Tuesday, September 10, 2013

Every Thought

In my last article, I challenged married couples to act; to DO something with knowledge gained or a lesson learned. I said that knowledge or wisdom without action is as dead as faith without works. Too often we leave valuable information in the hypothetical realm when it could be transforming our marriages, or indeed our lives. “Yeah that’s great advice” we may think. “That’s really insightful,” and it stays there. In theory. Just a thought.

In practice, time keeps rolling along, and our lives go on. We are too busy perhaps, to try something new or change part of our routine. “It might not work,” we think, “and then that time is lost! Better to just maintain the status quo.” So things don’t change - or they change for the worse as the world seeps in.

The world says “make yourself happy.” “What has he or she done for you lately?” “She doesn’t look like *this* or he doesn’t romance me like that.” “Marriage is boring, life is short, the grass is greener.” The enemy’s voice is all around us, whispering in our ears, poisoning our thoughts.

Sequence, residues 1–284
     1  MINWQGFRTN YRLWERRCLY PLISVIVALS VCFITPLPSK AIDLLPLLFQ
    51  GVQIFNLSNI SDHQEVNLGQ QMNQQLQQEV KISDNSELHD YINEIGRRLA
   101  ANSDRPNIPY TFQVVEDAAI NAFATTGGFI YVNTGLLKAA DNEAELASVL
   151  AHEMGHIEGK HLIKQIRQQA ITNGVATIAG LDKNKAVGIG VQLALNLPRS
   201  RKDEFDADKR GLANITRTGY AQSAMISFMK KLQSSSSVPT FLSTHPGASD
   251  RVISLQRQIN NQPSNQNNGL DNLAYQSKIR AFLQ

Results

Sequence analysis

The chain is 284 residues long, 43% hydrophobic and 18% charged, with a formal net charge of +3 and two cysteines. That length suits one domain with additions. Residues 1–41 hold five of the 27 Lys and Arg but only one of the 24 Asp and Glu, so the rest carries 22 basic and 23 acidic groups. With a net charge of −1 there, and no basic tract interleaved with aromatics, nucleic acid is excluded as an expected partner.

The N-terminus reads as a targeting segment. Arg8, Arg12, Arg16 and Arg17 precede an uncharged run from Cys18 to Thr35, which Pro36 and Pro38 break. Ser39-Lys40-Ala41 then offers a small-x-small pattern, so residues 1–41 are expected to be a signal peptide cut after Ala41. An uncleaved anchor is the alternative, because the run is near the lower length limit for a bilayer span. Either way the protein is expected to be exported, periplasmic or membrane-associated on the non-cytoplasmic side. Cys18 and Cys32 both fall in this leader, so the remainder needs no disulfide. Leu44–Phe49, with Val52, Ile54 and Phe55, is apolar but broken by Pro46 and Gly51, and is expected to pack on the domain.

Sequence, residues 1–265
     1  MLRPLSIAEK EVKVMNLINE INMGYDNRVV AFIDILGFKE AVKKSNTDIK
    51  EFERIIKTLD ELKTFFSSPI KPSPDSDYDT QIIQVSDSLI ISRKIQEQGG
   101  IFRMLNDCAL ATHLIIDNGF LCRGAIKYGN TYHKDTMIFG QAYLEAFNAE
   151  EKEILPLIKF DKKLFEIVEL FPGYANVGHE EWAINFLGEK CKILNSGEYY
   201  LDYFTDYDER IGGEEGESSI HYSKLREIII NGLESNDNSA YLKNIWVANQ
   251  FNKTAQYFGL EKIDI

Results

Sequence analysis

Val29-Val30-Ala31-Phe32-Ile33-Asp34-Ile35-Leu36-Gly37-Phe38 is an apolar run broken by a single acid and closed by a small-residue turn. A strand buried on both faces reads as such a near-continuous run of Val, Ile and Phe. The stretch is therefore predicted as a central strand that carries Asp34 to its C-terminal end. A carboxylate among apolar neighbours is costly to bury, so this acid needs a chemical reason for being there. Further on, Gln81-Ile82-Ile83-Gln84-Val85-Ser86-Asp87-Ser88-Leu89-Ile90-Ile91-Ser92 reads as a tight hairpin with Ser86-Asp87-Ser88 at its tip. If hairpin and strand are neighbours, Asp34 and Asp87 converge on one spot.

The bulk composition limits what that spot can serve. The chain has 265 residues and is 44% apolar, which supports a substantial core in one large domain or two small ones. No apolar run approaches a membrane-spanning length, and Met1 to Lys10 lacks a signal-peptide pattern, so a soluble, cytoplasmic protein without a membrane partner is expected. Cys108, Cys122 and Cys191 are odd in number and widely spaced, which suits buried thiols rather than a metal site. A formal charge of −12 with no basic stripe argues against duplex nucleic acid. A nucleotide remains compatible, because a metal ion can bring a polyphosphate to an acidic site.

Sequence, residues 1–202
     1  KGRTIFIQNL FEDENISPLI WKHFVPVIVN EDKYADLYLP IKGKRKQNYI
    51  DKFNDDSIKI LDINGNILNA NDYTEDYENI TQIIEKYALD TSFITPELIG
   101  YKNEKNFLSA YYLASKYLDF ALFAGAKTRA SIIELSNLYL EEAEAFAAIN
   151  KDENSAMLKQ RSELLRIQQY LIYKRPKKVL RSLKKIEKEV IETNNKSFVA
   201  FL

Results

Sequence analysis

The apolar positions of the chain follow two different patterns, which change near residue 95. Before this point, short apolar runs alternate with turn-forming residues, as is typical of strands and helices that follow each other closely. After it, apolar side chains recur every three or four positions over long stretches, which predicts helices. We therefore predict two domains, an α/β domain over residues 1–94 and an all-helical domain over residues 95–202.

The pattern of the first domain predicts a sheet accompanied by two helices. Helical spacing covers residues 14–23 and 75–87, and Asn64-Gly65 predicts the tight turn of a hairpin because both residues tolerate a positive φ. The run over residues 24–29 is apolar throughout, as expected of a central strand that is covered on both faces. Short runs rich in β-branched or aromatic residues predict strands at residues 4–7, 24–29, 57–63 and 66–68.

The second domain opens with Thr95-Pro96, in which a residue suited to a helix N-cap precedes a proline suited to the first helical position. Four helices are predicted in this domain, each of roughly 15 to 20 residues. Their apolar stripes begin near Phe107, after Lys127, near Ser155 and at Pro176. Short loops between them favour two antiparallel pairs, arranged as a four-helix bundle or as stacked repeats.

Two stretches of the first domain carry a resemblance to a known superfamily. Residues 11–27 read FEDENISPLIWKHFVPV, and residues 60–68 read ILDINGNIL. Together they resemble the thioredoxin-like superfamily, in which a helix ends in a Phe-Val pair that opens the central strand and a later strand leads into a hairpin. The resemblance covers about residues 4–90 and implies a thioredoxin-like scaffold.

Perhaps the hardest work to do is to follow Paul’s words in 2 Corinthians 10:5

We demolish arguments and every pretension that sets itself up against the knowledge of God, and we take captive every thought to make it obedient to Christ. 

We know what we should do. We’ve read the Bible.

- A kind word turns away wrath, but a hateful one stirs up anger.
- Wives, respect your husbands. Husbands, love your wives as Christ loved the church, even giving Himself up for her.
- Do not withhold sexual relations from one another, unless by consent, for a time, to pray. Then come together again.
-and on, and on...

Paul implores us to take every thought captive. Not a few, not most. Every thought made obedient to Christ. That’s a tall order. I’ve often told myself that I can’t control what I think. It’s a by-product of my overactive imagination and creativity, I reason, what can I do? How then can I make my thoughts be obedient to anything? The answer is “with practice.” It is a discipline, a skill that must be exercised. It is a choice that must be made over and over, constantly, daily.

In the context of your marriage, think of how every thought could be obedient to Christ. That is, how could each thought be intent on strengthening your union, on deepening your love for your spouse, on increasing the intimacy between you?